Featured Articles Archive

  • GPM Examines Hurricane Irma
    The GPM core observatory satellite had an exceptional view of hurricane Irma's eye when it flew above it on September 5, 2017 at 12:52 PM AST (1652 UTC). This visualization shows a rainfall analysis that was derived from GPM's Microwave Imager (GMI) and Dual-Frequency Precipitation Radar (DPR) data. Irma was approaching the Leeward Islands with maximum sustained winds of about 178 mph (155 kts). This made Irma a dangerous category five hurricane on the Saffir-Simpson hurricane wind scale. Intense rainfall is shown within Irma's nearly circular eye. 
  • Hurricane Irma's Heat Engine Exposed
    At 1 PM EDT (1700 UTC) on September 5, 2017, the radar on the Global Precipitation Measuring Mission (GPM) satellite captured this 3D view of the heat engine inside of category-5 Hurricane Irma.  Under the central ring of clouds that circles the eye, water that had evaporated from the ocean surface condenses, releases heat, and powers the circling winds of the hurricane. The radar on the GPM satellite is able to estimate how much water is falling as precipitation inside of the hurricane, which serves as a guide to how much energy is being released inside the hurricane's central "heat...
  • GPM Captures Hurricane Harvey's Rainfall
    The Global Precipitation Measurement (GPM) Core Observatory captured these images of Hurricane Harvey at 11:45 UTC and 21:25 UTC on the 27th of August nearly two days after the storm made landfall as it was meandering slowly southeast at just 2 mph (~4 kph) near Victoria, Texas west of Houston. The image shows rain rates derived from GPM's GMI microwave imager (outer swath) and dual-frequency precipitation radar or DPR (inner swath) overlaid on enhanced visible/infrared data from the GOES-East satellite. Harvey's cyclonic circulation is still quite evident in the visible/infrared clouds, but...
  • Harvey Hits Texas, Unleashes Major Flooding
    Despite its earlier demise, after rejuvinating over the warm waters of the Gulf of Mexico, Hurricane Harvey has become a major weather maker as it unleashes historical flooding over parts of coastal Texas. Harvey began on the 17th of August as a weak tropical storm about 250 miles (~400 km) east of Barbados in the Leeward Islands. Over the next two days, Harvey continued moving steadily westward passing through the Leeward Islands as a still weak tropical storm and entered into the east central Caribbean. On the 19th, Harvey succumbed to the effects of northeasterly wind shear over the...
  • A New Multi-dimensional View of a Hurricane
    NASA researchers now can use a combination of satellite observations to re-create multi-dimensional pictures of hurricanes and other major storms in order to study complex atmospheric interactions. In this video, they applied those techniques to Hurricane Matthew. When it occurred in the fall of 2016, Matthew was the first Category 5 Atlantic hurricane in almost ten years. Its torrential rains and winds caused significant damage and loss of life as it coursed through the Caribbean and up along the southern U.S. coast. Music: "Buoys," Donn Wilkerson, Killer Tracks; "Late Night Drive," Donn...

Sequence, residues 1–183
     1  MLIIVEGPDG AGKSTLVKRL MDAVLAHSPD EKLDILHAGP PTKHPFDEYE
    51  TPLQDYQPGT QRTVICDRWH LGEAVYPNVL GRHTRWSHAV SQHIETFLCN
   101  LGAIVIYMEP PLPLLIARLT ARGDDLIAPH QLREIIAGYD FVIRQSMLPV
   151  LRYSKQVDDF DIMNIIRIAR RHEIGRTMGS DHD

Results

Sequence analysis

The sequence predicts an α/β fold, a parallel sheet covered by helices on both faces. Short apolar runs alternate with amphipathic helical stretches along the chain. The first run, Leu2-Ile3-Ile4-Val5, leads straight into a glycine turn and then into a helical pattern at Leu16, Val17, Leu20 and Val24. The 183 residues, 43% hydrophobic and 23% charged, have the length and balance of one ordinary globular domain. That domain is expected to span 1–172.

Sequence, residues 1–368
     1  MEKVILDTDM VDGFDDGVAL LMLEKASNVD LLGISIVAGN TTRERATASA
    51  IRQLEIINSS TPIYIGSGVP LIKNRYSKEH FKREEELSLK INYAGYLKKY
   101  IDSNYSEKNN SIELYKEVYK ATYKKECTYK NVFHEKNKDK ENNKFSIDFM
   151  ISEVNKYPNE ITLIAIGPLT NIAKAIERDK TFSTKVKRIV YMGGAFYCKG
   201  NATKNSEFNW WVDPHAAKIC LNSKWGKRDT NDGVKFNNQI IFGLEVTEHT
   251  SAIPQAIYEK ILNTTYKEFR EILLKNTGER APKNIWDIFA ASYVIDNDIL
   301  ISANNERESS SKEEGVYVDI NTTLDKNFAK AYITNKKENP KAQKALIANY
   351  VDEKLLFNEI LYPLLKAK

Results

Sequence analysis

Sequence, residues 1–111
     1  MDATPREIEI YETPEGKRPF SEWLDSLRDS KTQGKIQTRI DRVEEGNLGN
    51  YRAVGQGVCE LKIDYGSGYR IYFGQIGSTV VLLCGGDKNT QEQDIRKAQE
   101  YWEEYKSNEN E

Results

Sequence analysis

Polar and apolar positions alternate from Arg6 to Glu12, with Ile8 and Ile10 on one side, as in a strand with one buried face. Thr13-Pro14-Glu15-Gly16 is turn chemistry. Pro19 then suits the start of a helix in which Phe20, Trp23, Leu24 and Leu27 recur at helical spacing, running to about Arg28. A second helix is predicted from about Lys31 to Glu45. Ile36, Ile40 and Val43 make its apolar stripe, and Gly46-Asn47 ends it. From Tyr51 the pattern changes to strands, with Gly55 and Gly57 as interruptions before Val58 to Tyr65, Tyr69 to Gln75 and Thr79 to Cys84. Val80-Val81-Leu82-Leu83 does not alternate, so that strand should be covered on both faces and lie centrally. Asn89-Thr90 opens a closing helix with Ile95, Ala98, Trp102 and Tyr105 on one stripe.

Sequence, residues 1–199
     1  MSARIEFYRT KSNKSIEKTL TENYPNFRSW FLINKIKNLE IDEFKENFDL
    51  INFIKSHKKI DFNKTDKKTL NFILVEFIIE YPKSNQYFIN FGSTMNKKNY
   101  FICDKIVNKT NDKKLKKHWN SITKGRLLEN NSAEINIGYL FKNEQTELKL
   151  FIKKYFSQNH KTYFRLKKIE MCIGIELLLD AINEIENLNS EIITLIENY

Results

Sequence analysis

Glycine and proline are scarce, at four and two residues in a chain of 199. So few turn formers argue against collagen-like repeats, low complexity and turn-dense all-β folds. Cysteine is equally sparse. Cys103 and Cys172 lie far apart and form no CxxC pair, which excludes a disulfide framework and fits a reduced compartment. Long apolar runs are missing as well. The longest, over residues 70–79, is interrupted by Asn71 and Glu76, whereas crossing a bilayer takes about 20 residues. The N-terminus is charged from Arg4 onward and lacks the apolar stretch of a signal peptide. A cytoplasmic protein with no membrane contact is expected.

• GPM Sees Larsen-C Ice Shelf Separation
    On July 12, 2017, a giant iceberg broke off Antarctica and a variety of satellites have been used to study it ever since. The Global Precipitation Measurement (GPM) Microwave Imager (GMI) instrument can see the ribbon of relatively warm water and ice that separates the newly formed iceberg from the its parent mass of ice, the Larsen C ice shelf.  While the iceberg is separated from the parent iceshelf by only a few kilometers, the GMI instrument is sensitive enough to detect the variation in temperature between this relatively warm gap and the colder ice shelf and iceberg.
  • At the time of the Global Precipitation Measurement (GPM) Core Observatory overpass (April 1, 2017, 0550 UTC), the storm's center of low pressure was south of Long Island. At the mid-levels of the atmosphere, the circulation was centered over northeast Pennsylvania. This led to a classic overrunning, warm conveyor setup, which happened when the counterclockwise low level flow drew in cold air out of the north/northeast (hence "Nor'easter") from Canada. Higher up, warm and moist air from further south was lifted over this cold air and resulted in precipitation in the form of snow at the...
  • GPM Measures Tropical Cyclone Debbie
    Tropical cyclone Debbie formed in the Coral Sea northeast of Australia om March 24, 2017. Debbie intensified and had hurricane force wind speeds within a day of formation. While headed toward northeastern Australia Debbie reached it's maximum sustained wind speeds estimated at over 100 kts (115 mph) on March 27, 2017 (UTC). Tropical cyclone Debbie came ashore on March 28th and brought destructive winds and extremely heavy rain to northeastern Australia. It was reported that heavy rainfall caused flash flooding that cut off a coastal town and covered several roads in Queensland.

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